Added 16 April 2023.


Diamondback Terrapin

Malaclemys is a monotypic genus containing the single species M. terrapin. Conant and Collins call this “the most celebrated of American turtles”. At one point it was threatened by harvesting for its flesh, which was considered a delicacy, but fortunately this has decreased: however, the species remains threatened by other human activities, including alterations to the coastlines on which it lives and such accidents as being struck by motorboats or being caught in traps intended for other species. For this reason it is classified as Vulnerable by the IUCN.

Boulenger gives the characteristics of the genus as follows: neural plates hexagonal, short-sided in front. Plastron extensively united to the carapace by suture, with feeble axillary and inguinal peduncles, the latter anchylosed to the fifth costal plate; entoplastron anterior to the humero-pectoral suture. Skull with a bony temporal arch: alveolar surface very broad, without median ridge; choanae behind the level of the eyes. Upper surface of head covered with undivided skin. Digits webbed. Tail short.

The Diamondback Terrapin has a wide distribution along the east coast of the USA, from Massachusetts in the northeast all along the Atlantic to Florida, including the Keys, and as far as southern Texas. Seven subspecies are recognised, although Conant and Collins note that individual variation is great, making identification difficult: hence place of origin (if known) is fairly important. Habitat is coastal marshes, where they live in salt or brackish water.

Müller considers this species to be unsuitable for beginners, calling its keeping “problematic”, partly because of the requirement for brackish water.

Species Name

Common Name




M. terrapin

Diamondback Terrapin

E & SE USA, E Mexico

Max >>

Carapace: much depressed, oval, posterior border sometimes distinctly reverted, very rarely serrated; a more or less strong, interrupted, vertebral keel or series of subconical tubercles; dorsal shields concentrically grooved, or smooth; nuchal moderate, as broad as long or a little broader than long; first vertebral broader anteriorly than posteriorly; vertebrals 2 to 4 much broader than long, broader than costals. Plastron: a little smaller than the opening of the shell, obtusely angulated laterally; bridge rather narrow, its width considerably less than the length of the hind plastral lobe; latter openly notched posteriorly; relative proportions of the plastral shields very variable; the suture between the abdominals and that between the anals are of equal length, or the latter is the shorter; pectorals usually much smaller than abdominals, sometimes very slightly smaller; axillary and inguinal rather small. Head: large; snout short, more or less obtusely pointed; upper beak pendent, not hooked, forming an open notch mesially; alveolar surface of upper jaw narrowing towards the symphysis; the width of the mandible at the symphysis equals or a little exceeds the horizontal diameter of the orbit. Limbs stout, tubercular rather than scaly. Tail: measures about two fifths the length of the carapace in the male, less in the female; a low dorsal crest of enlarged compressed scales on the postanal part of the tail. Coloration: carapace olive, with black concentric lines, or uniform blackish; plastron yellowish or reddish, blotched, speckled, or vermiculated with black, or with black concentric lines. Soft parts grey, spotted or vermiculated with black. [SOURCE: Boulenger]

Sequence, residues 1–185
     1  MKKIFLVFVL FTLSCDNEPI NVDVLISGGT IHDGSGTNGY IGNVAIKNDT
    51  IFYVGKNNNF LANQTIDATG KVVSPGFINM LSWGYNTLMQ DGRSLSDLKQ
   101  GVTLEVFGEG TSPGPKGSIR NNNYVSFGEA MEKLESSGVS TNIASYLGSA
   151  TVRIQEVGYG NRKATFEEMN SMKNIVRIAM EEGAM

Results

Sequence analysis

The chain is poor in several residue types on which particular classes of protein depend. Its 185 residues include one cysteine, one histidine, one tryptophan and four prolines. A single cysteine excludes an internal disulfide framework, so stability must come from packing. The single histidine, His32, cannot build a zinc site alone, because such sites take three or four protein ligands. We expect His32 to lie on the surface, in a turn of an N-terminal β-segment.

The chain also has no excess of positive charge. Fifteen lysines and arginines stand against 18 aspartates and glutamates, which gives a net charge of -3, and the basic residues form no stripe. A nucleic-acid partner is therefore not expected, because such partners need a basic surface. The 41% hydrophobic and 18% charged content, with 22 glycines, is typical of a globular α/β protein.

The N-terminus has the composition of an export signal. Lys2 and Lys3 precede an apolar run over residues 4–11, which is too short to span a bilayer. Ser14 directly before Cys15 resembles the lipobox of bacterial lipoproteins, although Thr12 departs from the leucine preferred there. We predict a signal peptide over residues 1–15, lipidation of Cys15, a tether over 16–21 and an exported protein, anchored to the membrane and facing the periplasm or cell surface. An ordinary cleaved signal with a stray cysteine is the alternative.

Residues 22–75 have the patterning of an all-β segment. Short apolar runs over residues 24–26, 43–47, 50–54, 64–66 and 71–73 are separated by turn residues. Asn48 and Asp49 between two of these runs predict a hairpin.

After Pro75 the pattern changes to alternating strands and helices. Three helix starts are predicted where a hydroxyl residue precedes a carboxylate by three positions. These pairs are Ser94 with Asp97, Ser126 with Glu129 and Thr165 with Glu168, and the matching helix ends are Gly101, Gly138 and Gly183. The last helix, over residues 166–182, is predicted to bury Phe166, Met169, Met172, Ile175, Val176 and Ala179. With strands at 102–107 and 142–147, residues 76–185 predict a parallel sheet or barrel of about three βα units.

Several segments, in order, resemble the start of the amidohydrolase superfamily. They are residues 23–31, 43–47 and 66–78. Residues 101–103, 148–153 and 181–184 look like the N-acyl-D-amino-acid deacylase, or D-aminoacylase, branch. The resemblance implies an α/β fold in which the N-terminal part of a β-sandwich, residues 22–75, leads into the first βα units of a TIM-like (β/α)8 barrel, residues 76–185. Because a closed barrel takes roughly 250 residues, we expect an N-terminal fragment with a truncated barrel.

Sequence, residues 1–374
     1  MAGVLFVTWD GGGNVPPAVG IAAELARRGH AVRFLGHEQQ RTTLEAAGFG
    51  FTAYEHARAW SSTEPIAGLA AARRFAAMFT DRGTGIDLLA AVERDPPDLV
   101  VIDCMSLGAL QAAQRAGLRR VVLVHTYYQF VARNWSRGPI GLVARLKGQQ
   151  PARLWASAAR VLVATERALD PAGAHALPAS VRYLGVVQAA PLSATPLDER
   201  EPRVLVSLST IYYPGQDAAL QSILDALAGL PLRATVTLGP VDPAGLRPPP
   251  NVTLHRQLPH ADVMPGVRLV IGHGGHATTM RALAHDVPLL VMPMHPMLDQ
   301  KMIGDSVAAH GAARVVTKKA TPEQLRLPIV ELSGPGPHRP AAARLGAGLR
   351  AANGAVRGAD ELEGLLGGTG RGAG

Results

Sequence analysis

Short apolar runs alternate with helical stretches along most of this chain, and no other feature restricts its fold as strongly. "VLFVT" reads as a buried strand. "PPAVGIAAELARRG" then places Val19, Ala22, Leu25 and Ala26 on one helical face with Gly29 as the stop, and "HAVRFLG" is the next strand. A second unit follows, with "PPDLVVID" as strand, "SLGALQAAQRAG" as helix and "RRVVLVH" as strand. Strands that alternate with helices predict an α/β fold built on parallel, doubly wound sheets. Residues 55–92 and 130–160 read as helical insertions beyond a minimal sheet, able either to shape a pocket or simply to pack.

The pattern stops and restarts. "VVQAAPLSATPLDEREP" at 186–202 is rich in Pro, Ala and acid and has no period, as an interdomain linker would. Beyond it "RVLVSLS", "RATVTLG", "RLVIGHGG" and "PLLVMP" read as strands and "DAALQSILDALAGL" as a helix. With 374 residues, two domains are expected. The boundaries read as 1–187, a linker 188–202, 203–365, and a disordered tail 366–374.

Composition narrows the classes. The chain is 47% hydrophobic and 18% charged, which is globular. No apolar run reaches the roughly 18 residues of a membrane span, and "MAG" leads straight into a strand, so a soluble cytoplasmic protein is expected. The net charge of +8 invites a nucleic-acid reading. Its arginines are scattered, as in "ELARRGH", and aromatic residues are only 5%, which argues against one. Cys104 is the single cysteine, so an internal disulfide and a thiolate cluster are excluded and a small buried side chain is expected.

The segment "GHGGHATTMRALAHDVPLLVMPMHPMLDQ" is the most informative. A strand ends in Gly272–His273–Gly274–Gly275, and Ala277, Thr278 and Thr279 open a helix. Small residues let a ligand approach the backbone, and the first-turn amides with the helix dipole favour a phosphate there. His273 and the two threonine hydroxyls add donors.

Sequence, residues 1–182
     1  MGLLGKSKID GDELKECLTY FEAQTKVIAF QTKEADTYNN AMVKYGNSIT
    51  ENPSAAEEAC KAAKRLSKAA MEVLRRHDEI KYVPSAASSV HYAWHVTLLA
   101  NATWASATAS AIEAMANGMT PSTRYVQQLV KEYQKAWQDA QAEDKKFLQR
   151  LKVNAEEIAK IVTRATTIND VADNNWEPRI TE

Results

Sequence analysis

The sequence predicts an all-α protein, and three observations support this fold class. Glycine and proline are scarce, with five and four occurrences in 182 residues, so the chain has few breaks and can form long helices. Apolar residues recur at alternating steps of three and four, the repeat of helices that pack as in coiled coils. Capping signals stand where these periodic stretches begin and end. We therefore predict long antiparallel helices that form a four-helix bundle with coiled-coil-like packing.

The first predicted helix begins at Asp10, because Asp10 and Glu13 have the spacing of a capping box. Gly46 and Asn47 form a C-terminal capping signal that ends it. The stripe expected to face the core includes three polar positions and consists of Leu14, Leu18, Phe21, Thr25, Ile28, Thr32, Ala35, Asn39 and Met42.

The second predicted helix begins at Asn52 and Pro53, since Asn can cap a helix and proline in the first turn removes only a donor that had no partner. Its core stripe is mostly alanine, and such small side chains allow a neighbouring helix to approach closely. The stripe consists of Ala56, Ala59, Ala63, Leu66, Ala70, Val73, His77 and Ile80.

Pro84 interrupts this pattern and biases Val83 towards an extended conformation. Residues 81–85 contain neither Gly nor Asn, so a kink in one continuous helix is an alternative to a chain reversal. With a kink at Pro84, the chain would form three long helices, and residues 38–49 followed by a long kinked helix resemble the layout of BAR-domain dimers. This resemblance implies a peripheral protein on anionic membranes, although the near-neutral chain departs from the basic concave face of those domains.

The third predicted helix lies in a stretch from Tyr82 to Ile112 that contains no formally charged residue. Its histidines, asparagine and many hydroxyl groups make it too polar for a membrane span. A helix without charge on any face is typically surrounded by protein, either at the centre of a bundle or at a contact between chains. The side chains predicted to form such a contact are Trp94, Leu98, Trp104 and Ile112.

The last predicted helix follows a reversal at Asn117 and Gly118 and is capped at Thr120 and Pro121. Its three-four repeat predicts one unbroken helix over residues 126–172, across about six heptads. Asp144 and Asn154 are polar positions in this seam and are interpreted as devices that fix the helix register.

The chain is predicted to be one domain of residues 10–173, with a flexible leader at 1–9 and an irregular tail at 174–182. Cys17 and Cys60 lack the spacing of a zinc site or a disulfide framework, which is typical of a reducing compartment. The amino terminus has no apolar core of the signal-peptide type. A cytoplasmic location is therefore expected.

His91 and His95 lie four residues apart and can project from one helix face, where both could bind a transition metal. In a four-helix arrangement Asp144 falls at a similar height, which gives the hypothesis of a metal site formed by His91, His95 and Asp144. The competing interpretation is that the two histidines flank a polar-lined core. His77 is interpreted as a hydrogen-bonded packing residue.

M. t. terrapin

Northern Diamondback Terrapin

SE USA (N Carolina to Mississippi, excluding Florida: isolated colony in SE Virgina)

Max ??


M. t. centrata

Carolina Diamondback Terrapin

E USA as far as the Florida peninsula 

Max 20cm


M. t. littoralis

Texas Diamondback Terrapin

USA (S Texas)

Max 20cm

Found along coast of Texas. Coloration: skin greenish-grey, heavily marked with black spots; plastron nearly white; normally lacks “moustache”. [SOURCE: Conant & Collins]

M. t. macrospilota

Ornate Diamondback Terrapin

USA (S & W coasts of Florida)

Max 20cm

M. t. pileata

Mississippi Diamondback Terrapin

USA (Gulf coast of Florida westwards to Louisiana)

Max 23.8 cm

Found in marshes and estuaries. Carapace: strongly tuberculate central keel; edges of shell turned upward. Coloration: carapace usually uniform black or brown; skin very dark; plastron yellow, often clouded with a dusky shade; edges of shell orange or yellow; most females and some females with black “moustache” on upper jaw. [SOURCE: Conant & Collins]

M. t. rhizopharum

Mangrove Diamondback Terrapin

SE USA (Florida Keys)

Max 20cm

Carapace: bulbous bumps on dorsal keel. Coloration: dark spots on neck fused together to produce streaked appearance. [SOURCE: Conant & Collins]

M. t. tequesta

Florida East Coast Terrapin

USA (E coast of Florida from Valusia County southwards to Dade County)

Max 22cm

Coloration: carapace dark or horn-coloured, lacking pattern of concentric circles; centres of large scutes only a little lighter than areas surrounding them. [SOURCE: Conant & Collins]


Turtles and Tortoises of the World, David Alderton, Blandford, London 1999.

A Field Guide to Reptiles and Amphibians of Eastern and Central North America, R Conant and J T Collins, Peterson Field Guides, Houghton Mifflin, Boston/New York 1998.

Schildkröten, Gerhard Müller, Eugen Ullmer, Stuttgart 1995.


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